10. Getting around Catania, Sicily – Ride the Hop-on, Hop-off bus
If all of this walking seems like too much, don’t fret. Catania has two tourist transports; a 40-minute train tour that will hit these same spots and a few more with commentary in 6 languages for $5.75.
There is also a Hop-off, Hop-on bus, which covers these points of interest, as well as offers a sea view route up the eastern coast to see the black lava stone of the Faraglioni area with it’s cobalt blue seas to Aci Castello, which dates back to 1647, and finally to the the fishing village of Acitrezza. The ticket costs$17.50 for the day, and is well worth it. You can find more information about both means of transport at www.touristservice2006.com
and both leave from the Piazza del Duomo.
Catania has a lot of hotel and homestay options
. I stayed at Il Gattopardo House
at 10 Via Minoriti, and it was lovely, clean, and very reasonably-priced. It’s just 20 ft from Via Etnea.
The rooms are large, but the bathroom is down the hall. I don’t usually choose this type of accommodation, but it was more important to be as central as possible, in a busy area where I’d feel safe, without spending an arm and a leg.
even offers a bath pack including a bathrobe so you can wander the hall dressed appropriately. Depending on how long you stay, it’s worth considering renting an apartment with cooking facilities because the market options are truly enticing. I paid $125 for a 3-night stay. Deal! You will find a lot of reasonably priced places to stay in Catania.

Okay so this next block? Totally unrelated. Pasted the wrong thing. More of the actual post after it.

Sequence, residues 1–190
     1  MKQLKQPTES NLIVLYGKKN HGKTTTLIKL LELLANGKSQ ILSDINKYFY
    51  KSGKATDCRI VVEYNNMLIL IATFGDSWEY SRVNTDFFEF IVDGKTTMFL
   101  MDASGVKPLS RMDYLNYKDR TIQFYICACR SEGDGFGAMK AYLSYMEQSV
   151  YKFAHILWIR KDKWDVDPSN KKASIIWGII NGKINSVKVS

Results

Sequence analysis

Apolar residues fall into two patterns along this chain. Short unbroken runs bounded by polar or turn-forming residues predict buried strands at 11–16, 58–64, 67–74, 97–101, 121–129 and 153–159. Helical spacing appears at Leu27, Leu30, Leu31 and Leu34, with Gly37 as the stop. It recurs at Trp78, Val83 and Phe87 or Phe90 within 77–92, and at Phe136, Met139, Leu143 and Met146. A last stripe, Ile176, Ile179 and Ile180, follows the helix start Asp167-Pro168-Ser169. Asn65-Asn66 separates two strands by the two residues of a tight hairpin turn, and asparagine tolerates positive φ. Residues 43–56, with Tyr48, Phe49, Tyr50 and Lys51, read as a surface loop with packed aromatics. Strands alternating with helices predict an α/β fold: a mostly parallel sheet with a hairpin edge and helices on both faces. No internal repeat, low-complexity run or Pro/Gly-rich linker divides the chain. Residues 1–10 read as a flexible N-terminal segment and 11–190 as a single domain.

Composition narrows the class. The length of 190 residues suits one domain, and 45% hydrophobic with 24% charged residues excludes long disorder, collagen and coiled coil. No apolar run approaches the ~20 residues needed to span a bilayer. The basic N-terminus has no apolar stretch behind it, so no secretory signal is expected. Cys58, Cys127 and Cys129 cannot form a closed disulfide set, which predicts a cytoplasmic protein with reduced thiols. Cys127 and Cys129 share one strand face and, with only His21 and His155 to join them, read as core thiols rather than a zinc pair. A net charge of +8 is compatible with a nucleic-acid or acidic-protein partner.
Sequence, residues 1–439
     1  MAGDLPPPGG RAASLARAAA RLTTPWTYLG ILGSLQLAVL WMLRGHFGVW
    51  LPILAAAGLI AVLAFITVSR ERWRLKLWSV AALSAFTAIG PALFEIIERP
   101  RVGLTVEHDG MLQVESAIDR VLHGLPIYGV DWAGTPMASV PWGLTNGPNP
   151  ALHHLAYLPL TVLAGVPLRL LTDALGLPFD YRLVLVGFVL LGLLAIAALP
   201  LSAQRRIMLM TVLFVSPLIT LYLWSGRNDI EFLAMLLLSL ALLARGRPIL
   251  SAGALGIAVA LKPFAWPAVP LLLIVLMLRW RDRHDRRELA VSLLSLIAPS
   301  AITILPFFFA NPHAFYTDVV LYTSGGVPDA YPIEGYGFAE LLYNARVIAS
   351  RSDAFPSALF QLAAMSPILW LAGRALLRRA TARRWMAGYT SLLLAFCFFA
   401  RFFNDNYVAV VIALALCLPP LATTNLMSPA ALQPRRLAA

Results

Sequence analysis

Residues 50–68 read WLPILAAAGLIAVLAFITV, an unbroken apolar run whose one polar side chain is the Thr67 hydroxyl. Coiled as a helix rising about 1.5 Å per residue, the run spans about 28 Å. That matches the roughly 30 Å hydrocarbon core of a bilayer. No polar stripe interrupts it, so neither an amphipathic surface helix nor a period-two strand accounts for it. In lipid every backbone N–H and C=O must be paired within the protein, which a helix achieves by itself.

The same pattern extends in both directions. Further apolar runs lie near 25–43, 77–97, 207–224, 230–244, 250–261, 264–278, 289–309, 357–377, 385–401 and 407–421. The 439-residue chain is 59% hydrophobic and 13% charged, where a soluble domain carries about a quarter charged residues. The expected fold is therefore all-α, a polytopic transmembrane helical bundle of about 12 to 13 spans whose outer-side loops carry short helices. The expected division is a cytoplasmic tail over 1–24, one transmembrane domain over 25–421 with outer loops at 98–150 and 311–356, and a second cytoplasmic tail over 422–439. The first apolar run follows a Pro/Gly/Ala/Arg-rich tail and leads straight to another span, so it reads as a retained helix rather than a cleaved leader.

Il Gattopardo House off Via Etnea
If you wish to explore further, read my article on Things to do in Taormina Sicily. For a unique culinary experience in Taormina, take a cooking class with Gian Luca, the owner at the Osteria Santo Domenico.
And while we are on the topic of Italy, if you are traveling in the Veneto area and have only a day to visit Venice, please check out Greta’s Travels on What to do in Venice in One Day. She has some great information of the best-see attractions to get the most out of a single day in Venice. Be sure to check out her YouTube channel as well. Great fun videos packed full of information.